‘It’s Insulting And Quite Nervy:’ Black Girls Rock! Founder Addresses #WhiteGirlsRock

December 9, 2013  |  

Last month we told you that #whitegirlsrock became a trending topic on Twitter during the airing of the annual Black Girls Rock! awards show. The shocking trend of racial commentary included comments like, If there were a #whitegirlsrock special on TV, it would be declared #racist. #politicallyincorrect #hypocrisy,” and “That #blackgirlsrock show is so racist. Where is the #whitegirlsrock show? Oh right, NAACP would be all over that.” Just plain ole’ foolery at its finest. Black Girls Rock founder, Beverly Bond, recently addresses the insulting hashtag in a blog post for The Root and well, she pretty much echoes how we’ve been feeling about this craziness all along.

“When I heard about the “#whitegirlsrock” hashtag that trended on Twitter, my immediate reaction was, ‘Well, duh! Of course white girls rock. Are they unaware?’ White women’s beauty, talent, diversity and worldly contributions are affirmed everywhere: on billboards, on television, in magazines and in textbooks,” Beverly began.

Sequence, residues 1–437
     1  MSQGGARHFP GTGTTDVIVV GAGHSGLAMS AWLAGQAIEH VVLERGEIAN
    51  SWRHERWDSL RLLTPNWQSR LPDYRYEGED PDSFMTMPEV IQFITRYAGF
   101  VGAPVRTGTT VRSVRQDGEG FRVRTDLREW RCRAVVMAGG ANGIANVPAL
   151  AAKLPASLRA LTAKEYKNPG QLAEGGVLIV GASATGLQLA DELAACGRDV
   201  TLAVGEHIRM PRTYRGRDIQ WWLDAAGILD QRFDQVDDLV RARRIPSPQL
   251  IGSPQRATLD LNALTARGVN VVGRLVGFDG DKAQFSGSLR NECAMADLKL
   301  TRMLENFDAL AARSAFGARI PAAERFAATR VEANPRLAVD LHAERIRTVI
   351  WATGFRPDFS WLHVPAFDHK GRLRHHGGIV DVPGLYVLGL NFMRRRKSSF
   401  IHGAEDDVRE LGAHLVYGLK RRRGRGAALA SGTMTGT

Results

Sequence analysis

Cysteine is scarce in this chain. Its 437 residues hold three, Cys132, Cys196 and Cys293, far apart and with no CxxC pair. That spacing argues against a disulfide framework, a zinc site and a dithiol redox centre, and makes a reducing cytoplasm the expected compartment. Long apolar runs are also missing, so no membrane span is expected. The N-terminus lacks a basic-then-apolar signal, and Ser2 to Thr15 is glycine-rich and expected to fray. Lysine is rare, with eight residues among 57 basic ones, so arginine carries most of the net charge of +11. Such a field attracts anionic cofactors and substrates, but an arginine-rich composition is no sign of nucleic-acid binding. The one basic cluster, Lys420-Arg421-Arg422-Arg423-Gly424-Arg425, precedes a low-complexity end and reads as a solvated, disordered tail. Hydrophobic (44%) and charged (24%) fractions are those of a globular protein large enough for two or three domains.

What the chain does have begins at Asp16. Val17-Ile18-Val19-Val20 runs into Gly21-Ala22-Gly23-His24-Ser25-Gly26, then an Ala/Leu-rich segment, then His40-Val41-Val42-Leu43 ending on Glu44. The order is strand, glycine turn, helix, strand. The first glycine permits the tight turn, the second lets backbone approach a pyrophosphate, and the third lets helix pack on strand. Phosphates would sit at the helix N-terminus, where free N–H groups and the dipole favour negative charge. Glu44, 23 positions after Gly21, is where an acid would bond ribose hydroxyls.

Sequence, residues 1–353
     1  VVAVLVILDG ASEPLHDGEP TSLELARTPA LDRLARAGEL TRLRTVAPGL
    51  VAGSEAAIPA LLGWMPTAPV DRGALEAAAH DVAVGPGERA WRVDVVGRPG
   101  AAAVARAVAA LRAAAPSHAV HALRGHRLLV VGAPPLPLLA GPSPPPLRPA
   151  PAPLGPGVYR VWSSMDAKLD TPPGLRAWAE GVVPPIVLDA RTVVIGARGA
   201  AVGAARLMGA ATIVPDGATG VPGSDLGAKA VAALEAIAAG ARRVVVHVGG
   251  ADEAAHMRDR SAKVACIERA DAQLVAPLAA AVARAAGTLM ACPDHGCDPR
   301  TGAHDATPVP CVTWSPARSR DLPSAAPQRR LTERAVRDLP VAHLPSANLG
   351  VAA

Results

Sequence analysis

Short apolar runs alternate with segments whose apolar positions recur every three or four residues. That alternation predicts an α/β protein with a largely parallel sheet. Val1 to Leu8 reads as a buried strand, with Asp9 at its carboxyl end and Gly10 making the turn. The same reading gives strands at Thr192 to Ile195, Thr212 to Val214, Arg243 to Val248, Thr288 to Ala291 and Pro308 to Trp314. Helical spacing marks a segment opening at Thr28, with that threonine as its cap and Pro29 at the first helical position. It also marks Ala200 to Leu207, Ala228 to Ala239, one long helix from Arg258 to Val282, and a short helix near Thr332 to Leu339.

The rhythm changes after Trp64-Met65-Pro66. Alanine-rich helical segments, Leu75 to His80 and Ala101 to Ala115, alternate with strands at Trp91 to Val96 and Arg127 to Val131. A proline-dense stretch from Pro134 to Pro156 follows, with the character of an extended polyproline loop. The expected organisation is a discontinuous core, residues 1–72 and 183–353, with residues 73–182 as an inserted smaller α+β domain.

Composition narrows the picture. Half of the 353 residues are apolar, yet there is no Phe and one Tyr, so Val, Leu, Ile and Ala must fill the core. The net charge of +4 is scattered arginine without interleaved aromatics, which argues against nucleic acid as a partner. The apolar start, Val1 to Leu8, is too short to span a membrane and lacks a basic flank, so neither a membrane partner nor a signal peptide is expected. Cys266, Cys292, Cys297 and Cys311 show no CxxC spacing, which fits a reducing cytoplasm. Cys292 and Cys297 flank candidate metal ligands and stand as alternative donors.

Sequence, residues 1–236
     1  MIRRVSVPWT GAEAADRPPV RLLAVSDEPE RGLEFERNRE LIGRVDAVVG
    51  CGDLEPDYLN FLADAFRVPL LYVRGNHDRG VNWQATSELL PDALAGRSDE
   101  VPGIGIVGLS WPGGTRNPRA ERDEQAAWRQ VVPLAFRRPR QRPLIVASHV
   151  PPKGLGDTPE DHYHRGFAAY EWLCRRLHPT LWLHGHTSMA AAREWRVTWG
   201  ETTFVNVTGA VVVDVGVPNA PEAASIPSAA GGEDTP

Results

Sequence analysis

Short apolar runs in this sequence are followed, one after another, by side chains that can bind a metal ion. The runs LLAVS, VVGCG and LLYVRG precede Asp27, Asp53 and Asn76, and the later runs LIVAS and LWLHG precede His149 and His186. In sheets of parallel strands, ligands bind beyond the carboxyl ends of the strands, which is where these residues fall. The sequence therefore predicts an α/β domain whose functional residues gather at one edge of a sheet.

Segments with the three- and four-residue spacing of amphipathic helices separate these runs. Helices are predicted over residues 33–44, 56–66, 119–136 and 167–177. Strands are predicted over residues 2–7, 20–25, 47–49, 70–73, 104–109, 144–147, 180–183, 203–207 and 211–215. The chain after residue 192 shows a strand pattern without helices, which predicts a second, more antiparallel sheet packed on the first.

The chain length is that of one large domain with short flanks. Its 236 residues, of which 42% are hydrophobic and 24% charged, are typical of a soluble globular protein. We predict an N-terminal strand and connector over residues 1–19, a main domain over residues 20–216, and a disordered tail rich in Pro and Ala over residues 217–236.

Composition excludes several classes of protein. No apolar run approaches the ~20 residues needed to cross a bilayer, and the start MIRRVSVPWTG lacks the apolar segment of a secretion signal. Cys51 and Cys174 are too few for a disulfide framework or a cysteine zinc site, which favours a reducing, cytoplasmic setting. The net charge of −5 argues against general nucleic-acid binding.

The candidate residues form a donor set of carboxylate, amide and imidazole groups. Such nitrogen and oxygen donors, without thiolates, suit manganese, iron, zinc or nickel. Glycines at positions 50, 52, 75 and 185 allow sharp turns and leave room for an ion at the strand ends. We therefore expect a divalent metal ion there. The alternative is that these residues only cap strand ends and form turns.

Though she admits that she had no real issue with #whitegirlsrock becoming a trending topic, what bothered her was the insulting commentary that came along with it.

“As a humanist, I believe that we all rock. My issue is that the commentary that followed the “#whitegirlsrock” hashtag was not even about affirming dynamic white women. Instead, it was about critiquing or even punishing black women for having the nerve, the audacity and the unmitigated gall to love and affirm ourselves!” she wrote.

Beverly adds that platforms such as Black Girls Rock! forces people to realize that things like white privilege do exist, which of course, causes “anxiety” and results in hurtful social media wars such as #whitegirlsrock.

“I also think the anxiety that people have about Black Girls Rock!-ing reveals the blind spots associated with white privilege, including the inability to acknowledge that the privilege actually exists, a lack of accountability for prejudices and an overwhelming deficit in cultural competency. So whoever is offended by Black Girls Rock!-ing and whoever thinks that black empowerment threatens their own power should confront their own racism.”


“It’s insulting and quite nervy for a social media mob to attack a platform that affirms positive images of black women and girls in an attempt to belittle a movement that uplifts and celebrates our lives and legacies—yet to also remain silent about the plethora of damaging media messages directed toward black women and to blatantly ignore the social issues that black people endure.”

Read Beverly’s full blog post at The Root.  Thoughts?

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